Yes - even 10 years ago the top defensive teams did it not just by having great individual defenders but by having even better team D. The Pacers were a good example. Reggie was always something of a weakness on D (though he improved tremendously) but he was good enough to make his man have to go into the teeth of the defense most of the time. Allan Houston was the same with the Knicks.

    Now, rather than switching off screens or pressuring your man to the middle of the floor, you simplify it with zones. And that will emphasize passing and ball movement rather than individual one-on-one play, which IMO is much more fun to watch.
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    Default Re: A telling article on the demise of defensive teams in the NBA....

    After watching the way games were called this season, I keep thinking about Reggie's career. Can you imagine how many FTs he would have taken each game if the opposition would have been called for a foul nearly every time Reggie cut through the lane? Or, once they learned not to touch him, can you imagine how many more quality shots he could have taken after his hard cuts coming off of screens without being touched?

    What the heck? He's in great shape and he's sat out what would be the final year of his contract. Let's bring him back and tell him to do nothing more than cut through the lane around picks and shoot every time he gets his hands on the ball. And, I'm only partially kidding.

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    Default Re: A telling article on the demise of defensive teams in the NBA....

    Quote Originally Posted by beast23
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    After watching the way games were called this season, I keep thinking about Reggie's career. Can you imagine how many FTs he would have taken each game if the opposition would have been called for a foul nearly every time Reggie cut through the lane? Or, once they learned not to touch him, can you imagine how many more quality shots he could have taken after his hard cuts coming off of screens without being touched?

    What the heck? He's in great shape and he's sat out what would be the final year of his contract. Let's bring him back and tell him to do nothing more than cut through the lane around picks and shoot every time he gets his hands on the ball. And, I'm only partially kidding.
    Sounds good to me

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    Default Re: A telling article on the demise of defensive teams in the NBA....

    Quote Originally Posted by Kstat
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    One last thought: it wouldnt surprise me to see man-to-man defense become completely extinct in 4-5 years.

    It is quite literally impossible to guard the elite wing players in the NBA, because of the new rules.

    The only way thats been proven to slow guys like Kobe, Dirk, Wade and James down has been zone defenses that have forced them to take jumpers.

    If you think about it, we're halfway there already. Take a look at the last 4 teams remaining:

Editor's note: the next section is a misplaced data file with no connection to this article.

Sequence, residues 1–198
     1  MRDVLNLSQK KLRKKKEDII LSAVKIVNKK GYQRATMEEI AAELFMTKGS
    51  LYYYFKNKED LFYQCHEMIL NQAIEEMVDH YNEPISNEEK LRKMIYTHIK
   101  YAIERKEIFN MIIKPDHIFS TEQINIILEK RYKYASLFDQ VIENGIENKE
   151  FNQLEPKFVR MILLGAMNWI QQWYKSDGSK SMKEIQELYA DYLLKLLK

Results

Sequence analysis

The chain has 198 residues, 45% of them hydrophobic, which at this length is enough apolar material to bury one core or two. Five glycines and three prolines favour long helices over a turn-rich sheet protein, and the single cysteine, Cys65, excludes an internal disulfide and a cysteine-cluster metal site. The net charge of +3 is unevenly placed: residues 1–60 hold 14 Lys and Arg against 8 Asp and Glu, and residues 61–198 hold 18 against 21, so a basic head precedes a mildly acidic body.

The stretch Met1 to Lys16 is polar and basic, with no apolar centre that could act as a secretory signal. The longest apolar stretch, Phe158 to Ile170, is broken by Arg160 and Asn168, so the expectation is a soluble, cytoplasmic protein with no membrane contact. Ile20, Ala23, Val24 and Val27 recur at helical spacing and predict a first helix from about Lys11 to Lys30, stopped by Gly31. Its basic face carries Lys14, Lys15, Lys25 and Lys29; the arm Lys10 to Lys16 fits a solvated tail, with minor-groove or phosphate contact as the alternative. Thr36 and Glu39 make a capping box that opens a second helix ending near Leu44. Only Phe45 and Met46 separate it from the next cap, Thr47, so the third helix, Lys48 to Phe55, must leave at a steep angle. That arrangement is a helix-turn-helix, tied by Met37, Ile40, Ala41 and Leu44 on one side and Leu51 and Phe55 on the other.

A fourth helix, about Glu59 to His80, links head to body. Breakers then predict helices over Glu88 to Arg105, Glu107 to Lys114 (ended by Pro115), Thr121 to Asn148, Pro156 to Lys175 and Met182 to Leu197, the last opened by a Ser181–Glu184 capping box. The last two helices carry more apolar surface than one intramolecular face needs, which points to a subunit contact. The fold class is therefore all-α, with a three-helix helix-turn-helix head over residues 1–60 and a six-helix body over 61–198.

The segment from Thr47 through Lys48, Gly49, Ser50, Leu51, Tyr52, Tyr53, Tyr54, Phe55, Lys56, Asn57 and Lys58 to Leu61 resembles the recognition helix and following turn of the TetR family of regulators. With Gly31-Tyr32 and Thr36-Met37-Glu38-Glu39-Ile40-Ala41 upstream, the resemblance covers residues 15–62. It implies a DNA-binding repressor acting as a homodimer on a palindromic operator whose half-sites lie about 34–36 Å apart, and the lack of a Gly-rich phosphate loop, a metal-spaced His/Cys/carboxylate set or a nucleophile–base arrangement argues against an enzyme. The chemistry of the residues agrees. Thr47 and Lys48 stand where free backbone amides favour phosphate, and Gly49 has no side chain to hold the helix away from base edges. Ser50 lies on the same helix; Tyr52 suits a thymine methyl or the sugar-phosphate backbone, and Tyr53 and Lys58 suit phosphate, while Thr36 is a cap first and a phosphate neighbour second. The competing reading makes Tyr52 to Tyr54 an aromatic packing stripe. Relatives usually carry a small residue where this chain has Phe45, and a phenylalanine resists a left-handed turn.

-Miami plays zone half the time when shaq is out there, and %100 of the time when Zo checks in.

    -Phoenix plays soft zone or soft man, depending on who you ask. Either way their best defense is confusing the other team as to which open shot on the floor they should decide on.

    -Dallas used to play a lot of man, but since they went to the small backcourt, they've been playing a lot of zone as well.

    -Even the Pistons, who pride themselves on man to man D, are being hit with the sobering reality that the best defense theyve played in this series has been a zone. Its the only way they have been able to make Wade struggle.

    It should be very interesting to see what the average NBA team looks like in 3 years. I do think the era of the big guard and the dominant post center is probably over. Its all about speed and agility now.

    The best defensive teams might very well be decided by which coach can junk his defenses up the best, or which coach can come up with the most creative zone scheme.
    Earlier in the year....I noted that the Pistons and Mavs were the only teams in the league that ranked in the top 10 on offense AND defense and would be near unbeatable come playoff time.

    The Mavs was a team capable of putting up huge offensive numbers that actually began to focus their attention on defense....whereas the Pistons was more of a team that could shutdown opponents but began to open up their offense and put up points.

    I'm guessing that with these "rules" in place.....the Mavs were able to easily revert back to their the "high-powered" offense while reverting back to the "steady yet solid" defense to eliminate the Spurs and keep up with the Suns.

    What do you think is the difference for the Pistons?

    I'm guessing:

    - Injuries to Sheed and ( I am guessing ) BWallace?
    - Fatigue from playing heavy Starter minutes during the regular season and a hard-fought 7-game series against the Cavs ( thanks to Lebron )?
    - New rules from Stern?
    - The Flip-Playoff-Factor?

    IMHO...during this Heat/Pistons serires, the Pistons has found it difficult to do the same........they have averaged 86 ppg over the Heat Series while holding their opponents to 88.8 ppg. When compared to the regular season ( and I know that the regular season is much different schedule-wise and intensity compared to the Playoffs ) the Pistons were able to rack up 96.8 ppg compared and holding their opponents to 90.2 ppg.
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    Default Re: A telling article on the demise of defensive teams in the NBA....

    "If we breathe on him it's a foul, if we lay off, he scores," Pistons forward Antonio McDyess said.